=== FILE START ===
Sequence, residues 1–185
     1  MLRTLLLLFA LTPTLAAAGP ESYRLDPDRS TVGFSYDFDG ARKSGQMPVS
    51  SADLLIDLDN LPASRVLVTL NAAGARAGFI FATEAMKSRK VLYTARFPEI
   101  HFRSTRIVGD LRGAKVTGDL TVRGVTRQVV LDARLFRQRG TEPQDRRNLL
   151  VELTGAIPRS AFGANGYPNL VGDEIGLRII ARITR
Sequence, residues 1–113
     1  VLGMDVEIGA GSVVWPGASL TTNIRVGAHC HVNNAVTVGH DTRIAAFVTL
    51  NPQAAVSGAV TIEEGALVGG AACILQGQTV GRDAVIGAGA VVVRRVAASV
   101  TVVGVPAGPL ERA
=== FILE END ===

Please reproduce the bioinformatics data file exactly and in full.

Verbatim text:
Sequence, residues 1–185
     1  MLRTLLLLFA LTPTLAAAGP ESYRLDPDRS TVGFSYDFDG ARKSGQMPVS
    51  SADLLIDLDN LPASRVLVTL NAAGARAGFI FATEAMKSRK VLYTARFPEI
   101  HFRSTRIVGD LRGAKVTGDL TVRGVTRQVV LDARLFRQRG TEPQDRRNLL
   151  VELTGAIPRS AFGANGYPNL VGDEIGLRII ARITR
Sequence, residues 1–113
     1  VLGMDVEIGA GSVVWPGASL TTNIRVGAHC HVNNAVTVGH DTRIAAFVTL
    51  NPQAAVSGAV TIEEGALVGG AACILQGQTV GRDAVIGAGA VVVRRVAASV
   101  TVVGVPAGPL ERA